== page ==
Kurt Vonnegut's America
Publication Year: 2012
Published by: University of South Carolina Press
Table of Contents
Kurt Vonnegut’s America derives from what I was doing in the days following Kurt’s death. Knowing that he’d suffered irrecoverable brain injuries in a fall three weeks previous and, after all measures to help him failed, that he’d been taken off life support a few days before, I received the news with a sense of grim inevitability. ...
Introduction - Vonnegut Released
Kurt Vonnegut died late in the evening of April 11, 2007, at the age of eighty-four years and five months. Five months precisely—his birth date was November 11, 1922, Armistice Day, as it was called then, when there was only one world war to remember. It was a hallowed occasion throughout the 1920s and 1930s and into the 1940s, ...
1 - Vonnegut’s 1950s: Human Structures
Kurt Vonnegut’s debut as a writer of fiction came on February 11, 1950, when Collier’s, one of the great family oriented weekly magazines of the era, published his story “Report on the Barnhouse Effect.” But as the key date in his literary career, October 28, 1949, looms more important. ...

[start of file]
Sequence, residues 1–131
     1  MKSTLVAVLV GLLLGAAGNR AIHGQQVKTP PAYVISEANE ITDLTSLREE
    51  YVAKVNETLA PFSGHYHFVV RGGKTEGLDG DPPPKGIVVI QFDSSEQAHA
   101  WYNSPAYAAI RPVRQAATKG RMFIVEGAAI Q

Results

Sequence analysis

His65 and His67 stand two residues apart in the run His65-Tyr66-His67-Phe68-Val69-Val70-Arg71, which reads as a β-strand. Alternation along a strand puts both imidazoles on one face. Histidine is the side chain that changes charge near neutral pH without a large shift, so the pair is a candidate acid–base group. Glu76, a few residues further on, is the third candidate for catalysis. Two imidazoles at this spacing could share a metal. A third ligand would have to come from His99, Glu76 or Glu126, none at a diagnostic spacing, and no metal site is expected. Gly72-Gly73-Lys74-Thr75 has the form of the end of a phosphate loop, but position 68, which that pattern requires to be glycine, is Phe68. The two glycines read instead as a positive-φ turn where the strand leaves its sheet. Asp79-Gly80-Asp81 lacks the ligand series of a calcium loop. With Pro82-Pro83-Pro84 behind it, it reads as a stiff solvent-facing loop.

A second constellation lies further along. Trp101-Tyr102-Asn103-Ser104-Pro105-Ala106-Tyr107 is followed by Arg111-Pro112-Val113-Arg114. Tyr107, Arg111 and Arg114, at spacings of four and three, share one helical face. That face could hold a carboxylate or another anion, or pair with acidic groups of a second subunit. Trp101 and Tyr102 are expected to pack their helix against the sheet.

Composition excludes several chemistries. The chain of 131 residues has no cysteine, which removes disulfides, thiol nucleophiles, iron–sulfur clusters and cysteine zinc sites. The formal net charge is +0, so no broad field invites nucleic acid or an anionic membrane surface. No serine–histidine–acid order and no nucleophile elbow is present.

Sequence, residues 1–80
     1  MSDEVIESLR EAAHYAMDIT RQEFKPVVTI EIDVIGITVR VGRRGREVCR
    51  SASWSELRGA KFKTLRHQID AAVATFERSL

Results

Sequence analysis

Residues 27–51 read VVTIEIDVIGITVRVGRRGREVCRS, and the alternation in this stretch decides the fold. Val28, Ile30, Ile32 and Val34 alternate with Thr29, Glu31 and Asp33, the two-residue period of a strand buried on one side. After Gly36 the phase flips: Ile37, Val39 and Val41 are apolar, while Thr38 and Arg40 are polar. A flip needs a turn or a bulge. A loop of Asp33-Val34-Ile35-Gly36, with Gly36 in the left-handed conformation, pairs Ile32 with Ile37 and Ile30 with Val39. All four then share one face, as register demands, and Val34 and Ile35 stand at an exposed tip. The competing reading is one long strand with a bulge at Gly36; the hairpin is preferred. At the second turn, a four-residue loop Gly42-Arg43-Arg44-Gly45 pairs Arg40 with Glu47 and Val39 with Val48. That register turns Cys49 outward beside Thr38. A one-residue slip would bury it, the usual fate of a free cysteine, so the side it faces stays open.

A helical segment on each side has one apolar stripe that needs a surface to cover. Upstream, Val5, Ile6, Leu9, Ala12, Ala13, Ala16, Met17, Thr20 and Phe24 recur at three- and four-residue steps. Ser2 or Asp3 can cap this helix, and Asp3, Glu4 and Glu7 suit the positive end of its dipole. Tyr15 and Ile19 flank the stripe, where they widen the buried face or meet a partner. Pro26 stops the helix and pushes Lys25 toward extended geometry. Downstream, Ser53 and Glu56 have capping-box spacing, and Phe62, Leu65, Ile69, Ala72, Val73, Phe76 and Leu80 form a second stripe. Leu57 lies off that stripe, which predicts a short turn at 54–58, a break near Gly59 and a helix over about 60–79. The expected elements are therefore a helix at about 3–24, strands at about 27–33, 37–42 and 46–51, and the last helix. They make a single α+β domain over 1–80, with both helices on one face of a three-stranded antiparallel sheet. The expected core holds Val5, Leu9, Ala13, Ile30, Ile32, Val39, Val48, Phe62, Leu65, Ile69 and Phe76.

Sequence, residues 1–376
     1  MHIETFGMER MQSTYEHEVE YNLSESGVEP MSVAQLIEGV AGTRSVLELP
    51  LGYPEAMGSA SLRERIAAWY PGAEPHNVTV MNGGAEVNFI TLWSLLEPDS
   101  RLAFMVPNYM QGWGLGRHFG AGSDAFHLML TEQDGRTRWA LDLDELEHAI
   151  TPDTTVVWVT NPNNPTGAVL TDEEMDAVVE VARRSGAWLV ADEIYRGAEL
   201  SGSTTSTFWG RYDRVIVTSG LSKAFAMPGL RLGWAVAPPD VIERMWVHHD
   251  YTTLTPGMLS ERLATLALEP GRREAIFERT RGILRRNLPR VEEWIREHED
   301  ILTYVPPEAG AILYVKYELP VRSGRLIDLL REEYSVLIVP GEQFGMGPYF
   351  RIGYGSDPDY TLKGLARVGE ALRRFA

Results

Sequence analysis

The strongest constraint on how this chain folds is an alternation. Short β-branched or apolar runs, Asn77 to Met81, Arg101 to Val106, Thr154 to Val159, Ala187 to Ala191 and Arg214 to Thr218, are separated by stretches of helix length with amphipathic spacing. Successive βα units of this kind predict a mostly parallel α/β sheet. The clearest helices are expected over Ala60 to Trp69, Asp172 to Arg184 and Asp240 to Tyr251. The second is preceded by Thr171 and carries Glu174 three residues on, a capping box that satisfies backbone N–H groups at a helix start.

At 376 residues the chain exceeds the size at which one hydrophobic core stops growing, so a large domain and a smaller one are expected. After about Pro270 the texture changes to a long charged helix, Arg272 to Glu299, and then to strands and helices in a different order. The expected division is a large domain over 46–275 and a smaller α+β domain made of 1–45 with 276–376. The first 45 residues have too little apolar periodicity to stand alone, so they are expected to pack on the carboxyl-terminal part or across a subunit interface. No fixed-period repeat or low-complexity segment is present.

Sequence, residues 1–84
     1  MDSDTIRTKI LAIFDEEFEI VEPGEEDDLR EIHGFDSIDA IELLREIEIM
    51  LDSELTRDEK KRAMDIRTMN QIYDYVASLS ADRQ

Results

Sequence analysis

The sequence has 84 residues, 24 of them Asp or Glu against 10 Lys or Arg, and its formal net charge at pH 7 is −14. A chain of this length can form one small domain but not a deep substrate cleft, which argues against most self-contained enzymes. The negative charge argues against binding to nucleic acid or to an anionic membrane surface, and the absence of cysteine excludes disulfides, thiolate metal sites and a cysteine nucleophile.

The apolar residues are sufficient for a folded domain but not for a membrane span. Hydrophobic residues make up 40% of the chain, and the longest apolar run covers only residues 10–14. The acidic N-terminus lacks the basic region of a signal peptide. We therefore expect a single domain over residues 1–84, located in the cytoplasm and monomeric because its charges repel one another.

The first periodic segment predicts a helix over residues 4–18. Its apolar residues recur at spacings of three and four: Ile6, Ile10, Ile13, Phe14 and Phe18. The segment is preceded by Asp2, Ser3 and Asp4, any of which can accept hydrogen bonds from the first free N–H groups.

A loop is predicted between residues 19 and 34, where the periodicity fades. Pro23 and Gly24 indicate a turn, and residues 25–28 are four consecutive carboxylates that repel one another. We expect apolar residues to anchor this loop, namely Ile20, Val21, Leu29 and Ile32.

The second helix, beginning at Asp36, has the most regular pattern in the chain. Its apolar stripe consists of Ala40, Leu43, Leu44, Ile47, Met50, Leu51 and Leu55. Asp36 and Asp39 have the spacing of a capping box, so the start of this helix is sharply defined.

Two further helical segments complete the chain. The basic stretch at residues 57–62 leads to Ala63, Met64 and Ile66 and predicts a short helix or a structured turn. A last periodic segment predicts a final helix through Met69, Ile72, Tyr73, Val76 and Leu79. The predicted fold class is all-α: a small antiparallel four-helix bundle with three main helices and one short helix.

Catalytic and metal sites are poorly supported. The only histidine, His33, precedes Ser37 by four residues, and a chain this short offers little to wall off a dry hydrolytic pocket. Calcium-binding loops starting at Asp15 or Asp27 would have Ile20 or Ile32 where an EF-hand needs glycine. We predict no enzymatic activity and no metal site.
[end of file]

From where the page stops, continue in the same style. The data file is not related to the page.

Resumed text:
2 - Vonnegut’s 1960s: Apocalypse Redone
In the 1950s, a period of relative stability in America culture, Kurt Vonnegut had faced challenges by shoring up older values. Not sociopolitical ones, as conservative thinkers would have them, but anthropological foundations such as the family structure and benefits of a folk society where everyone had purposeful work and a sense of value. ...
3 - Vonnegut’s 1970s: A Public Figure
As the 1970s began, Kurt Vonnegut—for so long an unappreciated writer, struggling to publish when and where he could—found himself front and center everywhere. From best seller lists and magazine features to widely reported speeches and commencement addresses, the man and his opinions were sought by an eager public. ...
4 - Vonnegut’s 1980s: Arts and Crafts
The 1980s were easier for Kurt Vonnegut, and—in a material sense—for most Americans as well. The cultural conservativism of the Ronald Reagan years was an antidote to the turmoil of the 1960s and the political mess of the 1970s. Certain 1950s issues were also put to rest, including cold-war terrors, ...
5 - Vonnegut’s 1990s: Autobiography and the Novel
As a major American author still happy and healthy and writing for an appreciative readership in his seventies, Kurt Vonnegut spent the 1990s enjoying himself. There were still a few periods of depression, and even more of exhaustion; he’d often complain that he’d done a lifetime’s worth of work and was ready to go home. ...
Conclusion - Vonnegut Uncaged
Kurt Vonnegut had stayed active late in life because, in all humility, he felt his country needed him. Or at least that he could be of use, which we know was the cardinal value he believed human beings could possess. ...
Page Count: 152
Publication Year: 2012
OCLC Number: 794413058
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